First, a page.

Although support for Mayor Bill de Blasio’s millionaire’s tax proposal failed to gain traction with the state when the idea was fielded as an alternative to congestion pricing, the mayor is now backing Governor Andrew Cuomo’s plan to fund the MTA.
De Blasio released a statement on Feb. 26 conceding that time has run out for any alternative to congestion pricing, a toll on cars entering Manhattan below 60th Street, and that he would work with the state to launch the program projected to raise up to $15 billion for transit.
Cuomo and de Blasio announced a joint plan to reorganize the MTA in a way that integrates funding through congestion pricing.
“Working New Yorkers struggle every day to get around our city. We cannot let another year pass without action that makes people’s lives easier,” de Blasio said. “This crisis runs deeper than ever before, and it’s now clear there is no way to address it without congestion pricing and other dedicated revenue streams. The time to act is now.”
In August 2017, after Cuomo determined that congestion pricing is a viable option for creating a dedicated revenue stream for the MTA, de Blasio called for an income tax rate increase from 3.876 percent to 4.41 percent on individuals making salaries of $500,000 and married couples earning a combined income of $1 million.
This would only impact about 0.8 percent of the population, but Cuomo and then-MTA Chair Joe Lhota decided that the agency did not have time to wait for tax season to get funding.
A year and a half later, congestion pricing is still only a proposal and the MTA still does not have a dedicated funding source. The millionaire’s tax was projected to have raised about $700 million by the start of 2018.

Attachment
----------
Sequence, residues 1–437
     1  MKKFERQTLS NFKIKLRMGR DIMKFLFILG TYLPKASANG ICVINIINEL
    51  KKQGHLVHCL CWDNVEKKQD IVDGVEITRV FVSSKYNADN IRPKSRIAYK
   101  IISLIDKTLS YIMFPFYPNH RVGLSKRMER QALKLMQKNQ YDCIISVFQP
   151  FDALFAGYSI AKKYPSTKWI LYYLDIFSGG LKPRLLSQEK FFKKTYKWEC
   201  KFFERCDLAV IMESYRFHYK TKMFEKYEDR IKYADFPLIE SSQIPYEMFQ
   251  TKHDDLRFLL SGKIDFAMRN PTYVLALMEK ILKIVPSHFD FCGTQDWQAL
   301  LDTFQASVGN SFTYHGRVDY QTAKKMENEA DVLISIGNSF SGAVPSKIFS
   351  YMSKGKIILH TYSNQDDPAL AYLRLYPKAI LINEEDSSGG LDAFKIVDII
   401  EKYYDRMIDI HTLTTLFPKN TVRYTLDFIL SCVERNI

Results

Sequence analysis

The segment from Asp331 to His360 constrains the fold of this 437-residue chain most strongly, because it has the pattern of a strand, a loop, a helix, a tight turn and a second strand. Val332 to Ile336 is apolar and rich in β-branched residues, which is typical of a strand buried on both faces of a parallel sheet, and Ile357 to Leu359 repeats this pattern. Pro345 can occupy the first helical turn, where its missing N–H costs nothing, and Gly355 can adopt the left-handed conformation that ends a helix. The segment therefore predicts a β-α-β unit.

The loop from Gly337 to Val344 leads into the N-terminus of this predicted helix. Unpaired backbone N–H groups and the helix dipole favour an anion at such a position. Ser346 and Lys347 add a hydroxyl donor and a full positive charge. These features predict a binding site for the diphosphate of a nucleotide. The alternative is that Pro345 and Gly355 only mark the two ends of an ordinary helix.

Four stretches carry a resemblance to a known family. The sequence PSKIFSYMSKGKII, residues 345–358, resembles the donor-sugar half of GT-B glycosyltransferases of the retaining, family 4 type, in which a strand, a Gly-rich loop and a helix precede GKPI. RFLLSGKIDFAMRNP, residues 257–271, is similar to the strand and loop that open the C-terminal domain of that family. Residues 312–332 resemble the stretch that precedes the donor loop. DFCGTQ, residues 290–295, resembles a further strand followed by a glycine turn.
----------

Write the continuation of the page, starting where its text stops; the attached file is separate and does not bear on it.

“The proposal we’re announcing today addresses concerns I’ve raised related to a lockbox for transit, fairness to the outer boroughs and accommodating hardships. I still believe a Millionaires Tax provides the best, most sustainable revenue source for the transit improvements our city needs. But the time to act is running out, and among all alternatives, congestion pricing has the greatest prospects for immediate success. In light of this reality, it is my hope that critics of congestion pricing will join me in acknowledging its necessity.
The 10-point proposal release by the governor’s office will do away with the agency’s “holding company” design dreamed up in 1968 which separates the MTA into multiple facets and will streamline the process of improvements by centralizing operations.
Tolling equipment will installed along the borders of Manhattan’s central business district no later that December 2020, the governor’s office said, but no details on how much motorists would be forced to pay was released.
Earlier proposals from the FixNYC panel in January 2018 called for an $11 toll on cars, however.
“Governor Cuomo and Mayor de Blasio are in full agreement: eyes are now solely on the Albany Legislature to fix New York’s broken transit system by passing a comprehensive congestion pricing plan in this year’s budget,” said Jason Kaplan, a spokesperson for the Fix Our Transit coalition.
The deadline to include congestion pricing in the 2020 executive budget is April 1.
The MTA restructuring would also save commuters the pain of raised fares by limiting the amount the agency can raise costs by limiting it to a 2 percent inflationary increase.
MTA board members would also end with the terms of the elected officials who appointed them, according to the governor, and the capital plan will be reviewed and approved by a committee of experts with no financial ties to the agency.
De Blasio also called on elected officials such as Councilman Barry Grodenchik, Assemblyman David Weprin and state Sen. Leroy Comrie, who have been opposed to congestion pricing from the beginning to accept the strategy.
Legislature approval of congestion pricing failed to gain consent from the state senate at a January hearing, however, with officials such as newly elected state Senator John Liu claiming there were not enough details to consent to such a plan.